From Countryside to Concrete Jungle
Over time, diets have changed to favour unhealthy, readily available junk foods.
Our cities are making us fat and sick. Southern Africa is one of the fastest-urbanising parts of the world, and by the middle of this century over half of its populace will be city dwellers. But the shift from a pastoral life in the countryside into the concrete jungle comes with a change in lifestyle and food choices that pushes us to the wrong side of our ideal goal weight. We abandon the traditional foods we grew up on, and start eating highly processed, often junk foods.
Ironically, though, this ‘nutritional transition’ is making us gain weight at the same time as we are getting malnourished. Together, all these shifts in the world around us are changing what appears on the plate in front of us each day – if, indeed, a meal even involves a plate or sitting down at a table. This increased exposure to fast foods, decreases in the relative cost of meat and high fat foods, and reduced time for food preparation are all changing dietary patterns in the urban setting.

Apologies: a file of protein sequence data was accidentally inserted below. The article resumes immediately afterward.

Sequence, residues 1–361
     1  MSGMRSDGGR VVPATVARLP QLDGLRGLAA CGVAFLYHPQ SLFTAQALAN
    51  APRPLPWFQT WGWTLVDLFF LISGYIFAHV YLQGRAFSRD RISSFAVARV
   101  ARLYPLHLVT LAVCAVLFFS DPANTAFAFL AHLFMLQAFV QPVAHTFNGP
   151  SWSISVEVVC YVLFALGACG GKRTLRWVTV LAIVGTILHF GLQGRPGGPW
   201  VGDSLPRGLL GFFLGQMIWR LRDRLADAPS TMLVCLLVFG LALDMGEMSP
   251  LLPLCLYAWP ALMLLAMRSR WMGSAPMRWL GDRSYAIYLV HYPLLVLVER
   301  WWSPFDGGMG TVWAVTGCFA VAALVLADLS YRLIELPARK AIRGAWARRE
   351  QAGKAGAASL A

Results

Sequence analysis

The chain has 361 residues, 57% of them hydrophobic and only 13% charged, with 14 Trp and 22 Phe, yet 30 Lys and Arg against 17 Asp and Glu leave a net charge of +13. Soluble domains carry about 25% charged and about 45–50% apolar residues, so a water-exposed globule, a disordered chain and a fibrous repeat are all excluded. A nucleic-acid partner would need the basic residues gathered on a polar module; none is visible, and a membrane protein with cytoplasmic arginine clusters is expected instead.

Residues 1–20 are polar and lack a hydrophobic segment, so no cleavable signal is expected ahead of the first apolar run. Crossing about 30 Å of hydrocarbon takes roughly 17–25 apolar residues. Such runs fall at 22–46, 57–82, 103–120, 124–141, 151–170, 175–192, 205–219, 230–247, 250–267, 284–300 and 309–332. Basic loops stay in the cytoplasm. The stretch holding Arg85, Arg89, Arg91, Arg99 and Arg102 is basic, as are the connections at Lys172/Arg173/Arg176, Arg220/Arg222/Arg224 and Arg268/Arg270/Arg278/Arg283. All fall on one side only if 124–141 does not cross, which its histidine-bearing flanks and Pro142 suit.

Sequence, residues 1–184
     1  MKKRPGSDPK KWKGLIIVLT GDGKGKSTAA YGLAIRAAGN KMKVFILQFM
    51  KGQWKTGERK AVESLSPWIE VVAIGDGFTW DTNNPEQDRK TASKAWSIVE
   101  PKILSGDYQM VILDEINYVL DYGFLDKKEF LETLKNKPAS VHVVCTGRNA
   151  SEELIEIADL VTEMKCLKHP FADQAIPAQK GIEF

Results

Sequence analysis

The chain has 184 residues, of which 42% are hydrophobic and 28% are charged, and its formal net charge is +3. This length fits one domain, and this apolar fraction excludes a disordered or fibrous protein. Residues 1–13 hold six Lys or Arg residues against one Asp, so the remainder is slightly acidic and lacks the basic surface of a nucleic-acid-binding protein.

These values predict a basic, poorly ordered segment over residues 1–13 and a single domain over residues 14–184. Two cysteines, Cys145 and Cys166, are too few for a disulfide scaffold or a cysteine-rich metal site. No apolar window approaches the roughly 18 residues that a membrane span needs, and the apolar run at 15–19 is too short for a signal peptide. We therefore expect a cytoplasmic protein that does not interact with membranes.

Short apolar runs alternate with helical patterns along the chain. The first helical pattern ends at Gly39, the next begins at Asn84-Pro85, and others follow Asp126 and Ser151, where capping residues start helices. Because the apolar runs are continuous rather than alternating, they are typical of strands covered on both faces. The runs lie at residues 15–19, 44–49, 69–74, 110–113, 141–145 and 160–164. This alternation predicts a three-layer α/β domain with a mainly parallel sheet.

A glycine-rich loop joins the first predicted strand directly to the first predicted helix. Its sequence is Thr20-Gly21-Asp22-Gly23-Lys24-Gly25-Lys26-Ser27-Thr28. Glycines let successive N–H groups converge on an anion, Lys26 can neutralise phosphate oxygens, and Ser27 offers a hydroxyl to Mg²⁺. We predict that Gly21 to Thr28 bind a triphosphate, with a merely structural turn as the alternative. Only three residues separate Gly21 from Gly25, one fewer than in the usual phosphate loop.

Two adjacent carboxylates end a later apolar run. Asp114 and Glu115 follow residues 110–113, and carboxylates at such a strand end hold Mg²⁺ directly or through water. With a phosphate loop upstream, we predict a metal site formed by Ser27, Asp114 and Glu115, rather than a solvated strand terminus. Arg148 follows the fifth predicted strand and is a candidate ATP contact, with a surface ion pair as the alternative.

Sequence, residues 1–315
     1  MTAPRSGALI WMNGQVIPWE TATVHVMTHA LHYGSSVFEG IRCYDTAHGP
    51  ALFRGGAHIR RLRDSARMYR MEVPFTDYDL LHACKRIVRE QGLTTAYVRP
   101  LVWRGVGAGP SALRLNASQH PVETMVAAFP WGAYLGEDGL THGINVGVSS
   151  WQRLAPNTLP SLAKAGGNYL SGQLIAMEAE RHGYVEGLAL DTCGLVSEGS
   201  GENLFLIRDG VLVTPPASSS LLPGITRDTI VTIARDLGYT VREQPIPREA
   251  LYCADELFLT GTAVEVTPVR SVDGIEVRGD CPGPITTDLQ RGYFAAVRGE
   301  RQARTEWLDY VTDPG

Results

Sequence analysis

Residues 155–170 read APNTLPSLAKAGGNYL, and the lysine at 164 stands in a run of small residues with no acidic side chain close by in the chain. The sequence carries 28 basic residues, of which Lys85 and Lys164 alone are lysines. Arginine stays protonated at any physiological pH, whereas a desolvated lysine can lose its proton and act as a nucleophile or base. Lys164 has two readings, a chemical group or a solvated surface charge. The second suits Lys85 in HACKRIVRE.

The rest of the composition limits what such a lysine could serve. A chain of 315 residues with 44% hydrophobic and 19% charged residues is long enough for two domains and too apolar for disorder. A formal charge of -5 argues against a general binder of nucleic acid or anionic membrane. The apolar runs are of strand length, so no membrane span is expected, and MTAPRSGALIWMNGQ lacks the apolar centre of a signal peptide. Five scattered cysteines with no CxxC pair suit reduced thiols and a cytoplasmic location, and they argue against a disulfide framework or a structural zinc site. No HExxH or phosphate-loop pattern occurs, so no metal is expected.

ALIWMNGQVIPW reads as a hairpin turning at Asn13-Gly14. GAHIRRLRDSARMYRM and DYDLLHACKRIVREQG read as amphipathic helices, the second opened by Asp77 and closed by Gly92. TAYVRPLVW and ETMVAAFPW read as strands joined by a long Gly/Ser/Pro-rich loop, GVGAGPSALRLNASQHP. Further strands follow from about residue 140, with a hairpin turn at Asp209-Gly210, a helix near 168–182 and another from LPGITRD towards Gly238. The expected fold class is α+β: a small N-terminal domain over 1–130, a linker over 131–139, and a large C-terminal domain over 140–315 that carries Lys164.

Modern Life Brutal for Health
Until a couple of decades ago the African population consumed a typical traditional diet, where the fat intake was only 16% of the total calories. By 1990 the fat intake in an urban African community had increased to 26%. People who lived in cities for most of their lives consumed a typical westernized diet with 30% of calories from total fat, while those who had spent less than 20% of their lives in the city only consumed 22.5% of calories from total fat. Similarly when rural people in the North West province moved into the city, the proportion of consumed energy coming from fat in the diet increased from 22% in the rural population to 31% in the settled urban population. Other studies report fat intakes of 34% and 40% among African urban populations.